The Mycenaean civilization took it name after the discovery of Mycenae, the first site were this culture was identified. As shown by the excavations, the Mycenaean society was formed by an elite group organized around the judicial and executive authority of a single figure, with varying degrees of power. Their citadels were fortified with the Cyclopean walls, called this way because Greeks believed that only Cyclopes could have lift stones that large. The Mycenaean society had a great military strength and therefore conquered Crete and took the control of the Minoan trade network.

The Mycenaeans also used a written language called Linear B, a development of the former Minoan Linear A, used only for register the flow of goods and produce into the palaces. Between 1250 and 1150 B.C., a combination of peasant rebellions and internal warfare destroyed most of the Mycenaean palace and the Mycenaean civilization disappeared. 3200-1100 BC Cycladic Civilization Minoans 1600-1100 BC Myceneans 2600-1200 BC

100-800 BC Dark Ages of Greece 800-500 BC Growth of City-States Peloponnesian War Ottoman Occupation Rise of City-States Classical Period Rise of Philip of Macedon War of Independence Persian Wars Byzantine Period After World War II

Roman Period Modern Times

The Dark Ages of Greece (1100-800 BC) The Dark Ages of Greece dramatically illustrate the historical principal that cultures can decline and the future may not be as prosperous as the past. The period from 1100 to 800 B.C. is known as the Dark Age of Greece. As described in the Ancient Greek Thesaursus: Throughout the area there are signs of a sharp cultural decline. Some sites, formerly inhabited, were now abandoned. Pottery was much less elegant; burials were made without expensive ornaments; and the construction of massive buildings came to a halt. Even the art of writing in Linear B vanished. The palace-centered bureaucracies no longer existed, but of the political machinery that replaced them we know almost nothing.

Still, the cultural decline was not quite a cultural break. Farming, weaving, and other technological skills survived; pottery, though it was for a while much less gracious, revived and developed the so-called Geometric style. Nor was the Greek language submerged. Many Greeks, displaced from their homes, found safety by settling in other parts of Greece.

In a larger sense, the shattering of the monarchic pattern in the Mycenaean Age can be viewed as a liberating and constructive event. We cannot show that the kings and dynasties in Greece were dependent on or were imitating kings in the ancient Near East, but the two systems of monarchy resembled each other. If the Mycenaean kings had survived, mainland Greece might have developed as Anatolia did, with strong monarchies and priests who interpreted and refined religious thought in ways that would justify the divine right of kings. Self-government within Greek states might not have emerged for centuries if it appeared at all. But the invasions of the twelfth century, in which the Dorians at least played a part, ended forever the domination of the palace-centered kings.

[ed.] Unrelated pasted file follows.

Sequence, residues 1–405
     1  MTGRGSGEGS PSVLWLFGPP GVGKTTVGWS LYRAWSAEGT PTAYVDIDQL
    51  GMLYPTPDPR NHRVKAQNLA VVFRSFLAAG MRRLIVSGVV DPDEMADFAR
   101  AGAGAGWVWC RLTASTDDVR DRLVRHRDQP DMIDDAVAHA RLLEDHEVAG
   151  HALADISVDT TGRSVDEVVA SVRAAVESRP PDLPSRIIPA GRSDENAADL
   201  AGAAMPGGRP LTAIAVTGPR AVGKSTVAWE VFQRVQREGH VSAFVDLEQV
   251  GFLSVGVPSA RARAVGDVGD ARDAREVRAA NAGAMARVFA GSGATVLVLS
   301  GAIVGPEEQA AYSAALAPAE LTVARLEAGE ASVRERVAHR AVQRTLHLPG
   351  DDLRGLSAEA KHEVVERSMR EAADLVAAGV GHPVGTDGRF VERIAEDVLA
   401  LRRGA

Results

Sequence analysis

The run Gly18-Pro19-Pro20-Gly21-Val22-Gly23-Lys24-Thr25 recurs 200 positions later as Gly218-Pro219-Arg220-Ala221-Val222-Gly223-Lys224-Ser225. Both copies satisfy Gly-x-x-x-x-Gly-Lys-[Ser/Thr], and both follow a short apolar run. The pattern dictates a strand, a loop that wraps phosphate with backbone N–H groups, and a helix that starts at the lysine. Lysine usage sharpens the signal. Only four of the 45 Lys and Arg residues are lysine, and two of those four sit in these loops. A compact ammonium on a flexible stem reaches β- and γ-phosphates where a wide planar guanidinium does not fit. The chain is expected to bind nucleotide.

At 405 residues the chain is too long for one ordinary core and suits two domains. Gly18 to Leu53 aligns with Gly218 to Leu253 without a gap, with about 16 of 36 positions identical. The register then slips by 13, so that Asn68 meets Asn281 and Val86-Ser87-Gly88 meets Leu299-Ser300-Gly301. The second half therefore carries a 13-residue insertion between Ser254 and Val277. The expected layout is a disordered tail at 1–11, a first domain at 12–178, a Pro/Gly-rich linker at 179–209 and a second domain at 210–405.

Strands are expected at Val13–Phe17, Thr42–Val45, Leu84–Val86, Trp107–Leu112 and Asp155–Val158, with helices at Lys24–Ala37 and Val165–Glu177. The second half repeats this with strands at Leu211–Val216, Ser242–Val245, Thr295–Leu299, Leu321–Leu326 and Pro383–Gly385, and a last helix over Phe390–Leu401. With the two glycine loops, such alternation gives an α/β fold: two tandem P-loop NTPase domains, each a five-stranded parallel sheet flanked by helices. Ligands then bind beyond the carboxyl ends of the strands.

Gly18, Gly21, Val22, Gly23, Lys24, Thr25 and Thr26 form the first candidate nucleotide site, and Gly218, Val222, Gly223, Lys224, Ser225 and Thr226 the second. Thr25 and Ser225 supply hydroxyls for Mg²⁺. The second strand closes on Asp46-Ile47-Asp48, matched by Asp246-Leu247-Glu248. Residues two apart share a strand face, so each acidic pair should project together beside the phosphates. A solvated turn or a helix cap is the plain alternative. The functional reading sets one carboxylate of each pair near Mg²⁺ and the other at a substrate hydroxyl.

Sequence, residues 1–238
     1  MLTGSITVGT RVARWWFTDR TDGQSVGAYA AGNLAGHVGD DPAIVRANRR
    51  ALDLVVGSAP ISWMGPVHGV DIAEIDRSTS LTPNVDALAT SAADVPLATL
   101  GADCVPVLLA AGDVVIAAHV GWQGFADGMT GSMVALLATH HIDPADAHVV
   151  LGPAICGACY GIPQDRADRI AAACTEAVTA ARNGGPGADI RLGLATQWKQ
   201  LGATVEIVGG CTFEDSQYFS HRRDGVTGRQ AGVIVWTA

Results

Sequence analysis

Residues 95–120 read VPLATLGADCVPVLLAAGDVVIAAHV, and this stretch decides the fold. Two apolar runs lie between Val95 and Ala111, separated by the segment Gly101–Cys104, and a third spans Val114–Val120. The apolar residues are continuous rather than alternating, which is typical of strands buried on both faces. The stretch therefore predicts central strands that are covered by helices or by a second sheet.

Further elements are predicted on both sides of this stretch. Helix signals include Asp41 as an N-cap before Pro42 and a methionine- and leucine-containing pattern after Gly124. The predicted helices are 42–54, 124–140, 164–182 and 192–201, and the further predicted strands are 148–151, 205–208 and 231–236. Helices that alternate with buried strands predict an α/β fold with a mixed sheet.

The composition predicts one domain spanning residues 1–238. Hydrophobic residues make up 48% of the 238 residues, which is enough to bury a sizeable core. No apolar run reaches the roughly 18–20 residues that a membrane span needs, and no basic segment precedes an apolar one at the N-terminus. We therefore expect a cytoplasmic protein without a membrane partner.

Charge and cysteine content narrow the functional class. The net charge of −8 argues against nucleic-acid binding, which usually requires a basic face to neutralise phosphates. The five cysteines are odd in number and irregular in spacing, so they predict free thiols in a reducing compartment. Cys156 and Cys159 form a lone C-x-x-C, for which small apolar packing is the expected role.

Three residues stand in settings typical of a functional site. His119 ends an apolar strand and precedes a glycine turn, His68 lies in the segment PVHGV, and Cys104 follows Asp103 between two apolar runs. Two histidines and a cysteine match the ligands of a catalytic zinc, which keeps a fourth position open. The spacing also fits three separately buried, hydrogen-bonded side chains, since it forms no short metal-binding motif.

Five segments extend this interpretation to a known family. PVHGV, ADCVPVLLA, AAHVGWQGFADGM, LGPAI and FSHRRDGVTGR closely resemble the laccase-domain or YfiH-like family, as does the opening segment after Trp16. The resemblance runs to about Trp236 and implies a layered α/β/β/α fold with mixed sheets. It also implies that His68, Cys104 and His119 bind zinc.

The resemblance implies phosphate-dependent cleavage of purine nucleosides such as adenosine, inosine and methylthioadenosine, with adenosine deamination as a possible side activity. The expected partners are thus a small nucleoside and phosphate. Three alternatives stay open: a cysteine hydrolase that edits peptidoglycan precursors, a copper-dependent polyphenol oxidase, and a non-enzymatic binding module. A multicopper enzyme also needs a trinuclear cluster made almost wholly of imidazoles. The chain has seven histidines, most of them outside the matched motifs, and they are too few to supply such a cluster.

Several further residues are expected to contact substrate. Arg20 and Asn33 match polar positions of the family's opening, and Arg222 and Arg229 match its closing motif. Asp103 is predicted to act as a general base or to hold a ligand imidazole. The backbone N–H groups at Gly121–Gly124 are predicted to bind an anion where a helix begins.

The civilizations that flourished during the Bronze Age ended in an abrupt way during the 12th century B.C. when a Greek speaking civilization, the Dorians, came from the North of Greece.

They scattered the Mycenaean population and decentralized the Mycenaean established control system. Agriculture, industry and trade activities were divided in some hundred of villages.

The disruption that followed was of great importance. The economy, the politics and the culture declined and all the trade networks with the Near East collapsed. The art of writing also disappeared and the only literary work of that period is the amazing Trojan War epic poem, the Iliad, written by the famous Homer.

This period was characterized as the "Dark Ages" following the decline and fall of the Mycenean kingdoms after the middle of the 12th century, partially because the facts for this period were very poor. It is also sometimes referred to as the Geometric period from the geometric shapes at the decoration of the vases made during that time. There was a significant migration of peoples during this period both to the Greek mainland as well as Greek islands in the Aegean Sea. Greek peoples that previously inhabited mountainous and barren areas in the periphery migrated toward fertile areas and population centers. This transformation was a precursor to the formation of the Greek city-states that would shine so brightly in the Classical period which would soon follow.

This age was also referred to as the Homeric Age which existed roughly from 1200 800 BC. The Greece that we know today was roughly formulated during this period and it was the first period of Greeces history. During this era, not only was the Greek nation formed, but the foundations were put in place for many of the social and political developments throughout the ages. The era was also forever etched in history with the creation of the two greatest epic novels in world history Homers Iliad and Odyssey.

The Ancient Greek Thesaursus describes the Homeric period as: By 1200 BC the Greeks had occupied most of the northern sections of the peninsula and a few scattered locations along the coast. At first they filtered in slowly, bringing their herds and flocks with them and settling in the more sparsely populated